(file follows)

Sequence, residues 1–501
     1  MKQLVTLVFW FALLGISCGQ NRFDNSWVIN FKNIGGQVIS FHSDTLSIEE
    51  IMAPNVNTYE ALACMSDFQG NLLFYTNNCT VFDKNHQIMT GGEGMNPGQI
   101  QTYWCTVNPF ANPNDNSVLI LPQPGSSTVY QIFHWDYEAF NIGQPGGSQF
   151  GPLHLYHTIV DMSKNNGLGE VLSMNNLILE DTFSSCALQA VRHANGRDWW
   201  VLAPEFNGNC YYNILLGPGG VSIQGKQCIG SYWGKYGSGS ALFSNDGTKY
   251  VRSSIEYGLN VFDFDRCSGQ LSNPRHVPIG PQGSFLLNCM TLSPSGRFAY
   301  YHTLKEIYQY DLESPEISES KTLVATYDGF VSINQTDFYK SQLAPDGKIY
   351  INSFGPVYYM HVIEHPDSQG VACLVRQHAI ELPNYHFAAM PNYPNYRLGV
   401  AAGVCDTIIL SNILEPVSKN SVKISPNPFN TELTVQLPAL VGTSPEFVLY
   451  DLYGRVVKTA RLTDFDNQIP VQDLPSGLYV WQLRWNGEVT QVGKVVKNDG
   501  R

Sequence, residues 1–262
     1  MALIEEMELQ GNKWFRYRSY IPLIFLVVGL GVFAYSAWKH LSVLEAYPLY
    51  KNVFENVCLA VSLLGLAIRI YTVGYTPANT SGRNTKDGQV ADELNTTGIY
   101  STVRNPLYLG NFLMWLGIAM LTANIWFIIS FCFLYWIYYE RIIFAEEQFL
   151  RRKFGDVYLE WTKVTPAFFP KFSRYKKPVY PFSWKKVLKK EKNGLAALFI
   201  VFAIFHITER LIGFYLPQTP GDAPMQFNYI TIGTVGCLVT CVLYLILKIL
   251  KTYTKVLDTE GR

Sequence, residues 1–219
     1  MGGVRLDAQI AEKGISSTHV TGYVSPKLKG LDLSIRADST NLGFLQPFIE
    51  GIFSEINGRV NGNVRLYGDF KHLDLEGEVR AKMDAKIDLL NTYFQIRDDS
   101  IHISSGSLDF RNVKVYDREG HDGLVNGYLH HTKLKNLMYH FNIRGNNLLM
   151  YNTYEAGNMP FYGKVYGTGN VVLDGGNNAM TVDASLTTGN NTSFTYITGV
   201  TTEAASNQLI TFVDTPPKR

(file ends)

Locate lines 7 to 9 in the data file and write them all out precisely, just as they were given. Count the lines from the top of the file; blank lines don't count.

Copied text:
   251  VRSSIEYGLN VFDFDRCSGQ LSNPRHVPIG PQGSFLLNCM TLSPSGRFAY
   301  YHTLKEIYQY DLESPEISES KTLVATYDGF VSINQTDFYK SQLAPDGKIY
   351  INSFGPVYYM HVIEHPDSQG VACLVRQHAI ELPNYHFAAM PNYPNYRLGV